Iron Marines 

I don’t usually like to pay over a few quid for a game, so forking out £4.29 for Iron Marines, by Ironhide Game Studio was a gamble. 

Sagan-1

Your story begins on the planet Sagan-1 and you are quickly introduced to the Fell, a monstrous race of mutant aliens that are doing everything they can to destroy you. Like most other strategy war games, you have your standard infantry units that require the resource Etherium to create. These units are quite diverse, ranging from humanoid snipers, infantry and engineers to alien psychics, Jedi and healer types. Beyond this, you upgrade your base with turrets, shields and radars to help deal with incoming attacks. You can also create larger heavy units that have more firepower and health. Finally, you have your hero, a special unit with a unique set of skills which can be upgraded as you progress. You start with Taggins, your typical hard-as-nails marine, but you can check change if you want.  I won’t go to much into each units tactical use here, as discovering this for myself was part of the fun of Iron Marines. 

Iron Marines

Graphically this game is absolutely superb. The alien landscapes are thoroughly immersive and the small details like unit movement and attacks as well as enemy animations are pitch perfect. I also really enjoyed the sound effects and atmospheric music of the planets. The voice acting did however leave a little to be desired. 

Frantic Strategy Gameplay

Now to the meat of the review. The gameplay. The controls are quite simple. You select a squad of units by tapping them and then dragging your finger to where you want them to go. Positioning is everything in this game. There was a boss fight against the Fell Bishop which was proving very challenging until I tweaked positioning and unit composition and he went down fast. It is very easy to find yourself in overwhelming situations if you run in all guns blazing. Not a good idea, particularly on the harder difficulties.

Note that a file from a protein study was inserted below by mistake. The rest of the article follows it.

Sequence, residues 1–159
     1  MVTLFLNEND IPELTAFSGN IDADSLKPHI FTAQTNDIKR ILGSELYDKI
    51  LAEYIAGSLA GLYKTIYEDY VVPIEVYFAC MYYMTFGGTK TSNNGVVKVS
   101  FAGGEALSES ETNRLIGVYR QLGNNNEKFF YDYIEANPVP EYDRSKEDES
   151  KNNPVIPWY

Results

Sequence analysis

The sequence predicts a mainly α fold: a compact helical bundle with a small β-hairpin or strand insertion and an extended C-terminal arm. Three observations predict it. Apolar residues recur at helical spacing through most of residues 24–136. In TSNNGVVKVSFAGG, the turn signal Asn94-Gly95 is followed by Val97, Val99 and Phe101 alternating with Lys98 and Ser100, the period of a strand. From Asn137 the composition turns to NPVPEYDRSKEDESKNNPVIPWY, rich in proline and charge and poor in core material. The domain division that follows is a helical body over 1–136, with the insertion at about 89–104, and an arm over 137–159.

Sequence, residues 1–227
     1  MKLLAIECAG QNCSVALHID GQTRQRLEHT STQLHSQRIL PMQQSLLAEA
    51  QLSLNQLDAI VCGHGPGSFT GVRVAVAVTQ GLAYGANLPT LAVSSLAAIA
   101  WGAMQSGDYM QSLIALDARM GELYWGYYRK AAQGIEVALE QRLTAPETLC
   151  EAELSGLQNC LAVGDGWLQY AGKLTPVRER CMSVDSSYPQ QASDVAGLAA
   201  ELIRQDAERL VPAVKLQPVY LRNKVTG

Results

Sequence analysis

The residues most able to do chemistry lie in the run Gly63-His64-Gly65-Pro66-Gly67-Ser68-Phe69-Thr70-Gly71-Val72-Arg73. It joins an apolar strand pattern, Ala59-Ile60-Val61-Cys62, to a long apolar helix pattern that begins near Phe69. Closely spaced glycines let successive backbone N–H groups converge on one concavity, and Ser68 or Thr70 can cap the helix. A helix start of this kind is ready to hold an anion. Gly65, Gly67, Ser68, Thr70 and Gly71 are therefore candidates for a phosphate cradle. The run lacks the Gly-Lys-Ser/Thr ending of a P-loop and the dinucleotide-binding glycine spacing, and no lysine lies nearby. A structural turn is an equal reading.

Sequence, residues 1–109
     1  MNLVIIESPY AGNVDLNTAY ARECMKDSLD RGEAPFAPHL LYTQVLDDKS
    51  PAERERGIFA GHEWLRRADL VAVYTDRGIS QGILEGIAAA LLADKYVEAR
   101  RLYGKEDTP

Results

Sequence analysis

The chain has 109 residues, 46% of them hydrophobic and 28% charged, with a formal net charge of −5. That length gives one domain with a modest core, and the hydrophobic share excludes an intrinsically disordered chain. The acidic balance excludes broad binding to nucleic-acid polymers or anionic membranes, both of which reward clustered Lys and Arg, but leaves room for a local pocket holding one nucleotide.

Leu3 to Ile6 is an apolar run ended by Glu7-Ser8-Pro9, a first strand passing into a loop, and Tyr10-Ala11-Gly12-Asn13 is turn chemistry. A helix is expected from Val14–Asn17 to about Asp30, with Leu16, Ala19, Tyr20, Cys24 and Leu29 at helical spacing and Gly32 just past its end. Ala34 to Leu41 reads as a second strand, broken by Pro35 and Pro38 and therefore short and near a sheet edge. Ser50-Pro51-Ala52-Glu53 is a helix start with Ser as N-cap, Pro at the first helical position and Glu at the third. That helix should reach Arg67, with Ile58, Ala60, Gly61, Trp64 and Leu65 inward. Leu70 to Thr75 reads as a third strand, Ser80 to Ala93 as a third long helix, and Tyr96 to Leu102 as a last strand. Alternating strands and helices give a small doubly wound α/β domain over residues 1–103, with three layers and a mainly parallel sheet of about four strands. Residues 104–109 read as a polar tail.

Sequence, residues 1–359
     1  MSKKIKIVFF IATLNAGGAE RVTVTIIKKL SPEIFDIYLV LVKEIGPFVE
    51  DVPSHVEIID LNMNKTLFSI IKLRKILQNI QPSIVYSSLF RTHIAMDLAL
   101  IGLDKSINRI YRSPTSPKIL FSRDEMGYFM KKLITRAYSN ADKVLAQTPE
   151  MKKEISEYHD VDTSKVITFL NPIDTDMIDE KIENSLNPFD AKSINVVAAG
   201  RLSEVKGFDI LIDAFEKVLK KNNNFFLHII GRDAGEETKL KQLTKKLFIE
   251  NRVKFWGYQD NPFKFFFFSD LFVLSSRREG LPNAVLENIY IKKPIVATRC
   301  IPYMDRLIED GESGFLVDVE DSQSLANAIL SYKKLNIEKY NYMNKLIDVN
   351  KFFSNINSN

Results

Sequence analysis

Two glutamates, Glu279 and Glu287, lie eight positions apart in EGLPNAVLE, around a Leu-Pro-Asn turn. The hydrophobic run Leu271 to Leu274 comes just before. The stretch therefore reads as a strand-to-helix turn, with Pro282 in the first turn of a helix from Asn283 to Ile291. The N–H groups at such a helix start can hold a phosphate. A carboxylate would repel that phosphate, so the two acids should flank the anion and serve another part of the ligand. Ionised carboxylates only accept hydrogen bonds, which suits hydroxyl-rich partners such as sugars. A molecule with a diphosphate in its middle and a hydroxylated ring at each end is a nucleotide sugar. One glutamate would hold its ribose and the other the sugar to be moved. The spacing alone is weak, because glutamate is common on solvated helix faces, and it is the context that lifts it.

Ascendar

The Devs have thought about some quirky little things that really make the game more enjoyable to play and remove some of the frustration that I have experienced with other games of a similar genre. For example, you can airdrop your hero pretty much anywhere you like that isn’t covered by the fog of war. This is a really useful tool to get him, her or it out of some sticky situations. Similarly, you can change unit types to suit whatever situation you find yourself in without having to go back to your main base and re-produce a new squad. 

The levels themselves and objectives are good. They are not excellent in that they can be quite repetitive. It is generally secure this, find that. This is OK because there are enough boss fights, which are actually very well choreographed and fun, to break up the levels. 
As you progress, you allocate currency to level up a plethora of different unit, hero and base attributes and talents. You can increase armour penetration of your snipers, respawn rate or Etherium return when one of your structures is destroyed. This makes the gameplay individual to the player, which is awesome. You will play this game differently to other people and finding what works for you is part of the fun. 

Boss Carcass

There are some minor negatives which I will cover. Firstly, currently there are only 2 planets available for play. This makes the game quite short, but there are three difficulty settings to make up for it and it does say there is another stage being released soon. Secondly, there are quite a lot of hero’s that you need to spend currency on to unlock. This is annoying considering I already payed a fair bit for the game. 

Overall, this is a true strategy game for mobile. The gameplay is challenging, requires thought and the graphics and sound effects are really very good. The positives here far, far outweighs the negatives and I would encourage you to get this game now if you are a fan of the strategy genre. I have no hesitation in giving this game a solid 9/10. 

AJ 

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